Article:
HANNITY: Hey, Peggy, I'm just trying to understand this. This is not in dispute. The evidence is incontrovertible. It's overwhelming in this particular case.

This is just one of many, many trials he's going to go through, with many, many witnesses, that will testify that he tortured and he allowed people to rape and he was well aware of the mass murder that took place while he was the head of his country.

We have video of him when he took power, listing people, calling them out by name, one out by one. These people were never seen or heard from again. That was the beginning of the reign of terror.

Let's not act like this poor man is, you know, not being treated fairly here.

KUO: Well, at the beginning of the trial, you always have to have an open mind. That's a basic bedrock of a fair trial. When I pick juries to try cases in Washington, D.C., you always ask, "Do you have any preconceptions"...

HANNITY: That's fair. But do you have any doubt in your mind he is a brutal murderer? It is overwhelming and incontrovertible, isn't it?

KUO: I have not seen the evidence personally.

HANNITY: You don't know that this man, with the torture chambers, the rape rooms, the images of the Kurds dead from the use of weapons of mass destruction, and all the testifying of all the people over the years, and the video of him drawing out his political opponents when he first took power, that's not evidence already for you?

KUO: You would have to certainly look at the evidence. You would have to look at the connection to him. You would have to see what he was - - what command and control he had at that point.

You know, going into the trial — it's one thing to say, as a journalist, or as a person living in the world, "Yes, I know he did it, and he's guilty." But if you're having a trial, if you're going to go through the process of having a trial, you've got to have an open mind.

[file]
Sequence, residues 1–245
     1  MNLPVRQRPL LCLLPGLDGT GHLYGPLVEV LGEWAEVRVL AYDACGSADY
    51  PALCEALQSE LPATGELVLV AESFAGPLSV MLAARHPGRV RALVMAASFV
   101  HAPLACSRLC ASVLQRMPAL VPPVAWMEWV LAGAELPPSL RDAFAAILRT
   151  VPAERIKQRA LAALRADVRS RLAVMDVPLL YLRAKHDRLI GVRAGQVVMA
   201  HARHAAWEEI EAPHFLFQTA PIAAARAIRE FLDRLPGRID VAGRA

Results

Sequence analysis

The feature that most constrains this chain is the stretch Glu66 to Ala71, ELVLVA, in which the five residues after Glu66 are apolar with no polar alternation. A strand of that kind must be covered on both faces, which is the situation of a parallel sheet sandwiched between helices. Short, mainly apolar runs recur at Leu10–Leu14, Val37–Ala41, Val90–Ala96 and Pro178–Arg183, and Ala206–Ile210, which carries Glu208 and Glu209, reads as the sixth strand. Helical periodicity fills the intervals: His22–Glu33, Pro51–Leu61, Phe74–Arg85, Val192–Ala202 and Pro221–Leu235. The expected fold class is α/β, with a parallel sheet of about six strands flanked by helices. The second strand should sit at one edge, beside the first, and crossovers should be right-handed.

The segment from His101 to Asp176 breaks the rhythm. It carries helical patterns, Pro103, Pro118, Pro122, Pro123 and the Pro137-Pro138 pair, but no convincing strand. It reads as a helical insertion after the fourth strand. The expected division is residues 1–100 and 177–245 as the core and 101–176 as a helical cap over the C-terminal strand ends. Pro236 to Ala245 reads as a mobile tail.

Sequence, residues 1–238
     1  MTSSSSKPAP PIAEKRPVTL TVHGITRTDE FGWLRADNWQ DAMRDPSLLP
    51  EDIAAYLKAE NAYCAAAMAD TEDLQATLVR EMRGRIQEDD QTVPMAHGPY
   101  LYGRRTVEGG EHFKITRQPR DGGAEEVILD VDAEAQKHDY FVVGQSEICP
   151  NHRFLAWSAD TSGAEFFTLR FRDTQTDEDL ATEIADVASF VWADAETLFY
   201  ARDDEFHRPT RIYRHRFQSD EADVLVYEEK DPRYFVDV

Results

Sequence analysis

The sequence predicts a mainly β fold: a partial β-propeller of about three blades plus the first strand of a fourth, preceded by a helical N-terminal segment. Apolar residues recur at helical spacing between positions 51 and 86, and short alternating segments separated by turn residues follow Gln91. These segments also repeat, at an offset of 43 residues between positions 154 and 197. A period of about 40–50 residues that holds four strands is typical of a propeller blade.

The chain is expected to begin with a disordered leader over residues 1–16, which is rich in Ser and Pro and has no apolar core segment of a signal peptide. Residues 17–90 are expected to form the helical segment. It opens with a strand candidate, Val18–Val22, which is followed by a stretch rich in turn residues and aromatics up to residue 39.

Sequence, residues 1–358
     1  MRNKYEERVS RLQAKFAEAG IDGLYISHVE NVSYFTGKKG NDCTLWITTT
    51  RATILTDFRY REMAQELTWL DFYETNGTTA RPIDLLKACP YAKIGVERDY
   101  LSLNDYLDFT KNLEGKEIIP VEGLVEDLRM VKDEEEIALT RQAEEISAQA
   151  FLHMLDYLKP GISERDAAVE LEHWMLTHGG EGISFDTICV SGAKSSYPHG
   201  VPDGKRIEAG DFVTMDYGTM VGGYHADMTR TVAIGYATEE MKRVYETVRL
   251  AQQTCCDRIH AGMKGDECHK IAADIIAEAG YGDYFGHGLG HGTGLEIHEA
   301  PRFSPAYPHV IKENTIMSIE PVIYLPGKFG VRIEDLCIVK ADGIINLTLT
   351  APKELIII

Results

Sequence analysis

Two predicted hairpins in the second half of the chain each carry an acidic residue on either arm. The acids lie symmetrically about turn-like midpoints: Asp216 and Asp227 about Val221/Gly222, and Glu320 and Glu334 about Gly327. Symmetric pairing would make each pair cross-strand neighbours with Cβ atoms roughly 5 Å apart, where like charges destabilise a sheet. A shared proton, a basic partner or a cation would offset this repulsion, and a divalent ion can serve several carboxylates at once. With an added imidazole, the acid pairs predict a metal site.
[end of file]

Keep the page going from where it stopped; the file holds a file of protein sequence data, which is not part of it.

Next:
HANNITY: Frank, do you have any doubt in your mind?

RUBINO: Well, you've got to understand, in a civilized world, we can't decide who gets a trial and who doesn't. We have to have equal justice for all...

HANNITY: I understand.

RUBINO: ... whether the evidence is overwhelming or the evidence is microscopic.


HANNITY: Do you believe, in this case, it's overwhelming and incontrovertible?

RUBINO: By all accounts in the press, it probably is. But because...

HANNITY: Probably?

RUBINO: ... it doesn't mean that this man is not entitled to the same trial that the lowest citizen in Iraq or the smallest person in...


HANNITY: What about when he pronounced Kuwait Iraq's 19th province, and he went in, and he and his thugs raped and pillaged an innocent country? What about the million people that died because of his actions in the war in Iran? What about the pictures of the Kurds in the north, the children laying dead in the street, because his soldiers unleashed chemical weapons there?

RUBINO: If all that evidence is presented...

HANNITY: It's all true, sir. That's historical fact.

RUBINO: ... if it's presented, it's credible, he should be convicted. But he's entitled to a trial.


RUBINO: Equal justice for all.

HANNITY: We have the only two people in the world that actually think he's innocent, right here on "Hannity & Colmes."

COLMES: Well, there is going to be a trial.


COLMES: Otherwise, why have a trial? Frank, thank you. Peggy, thank you very much.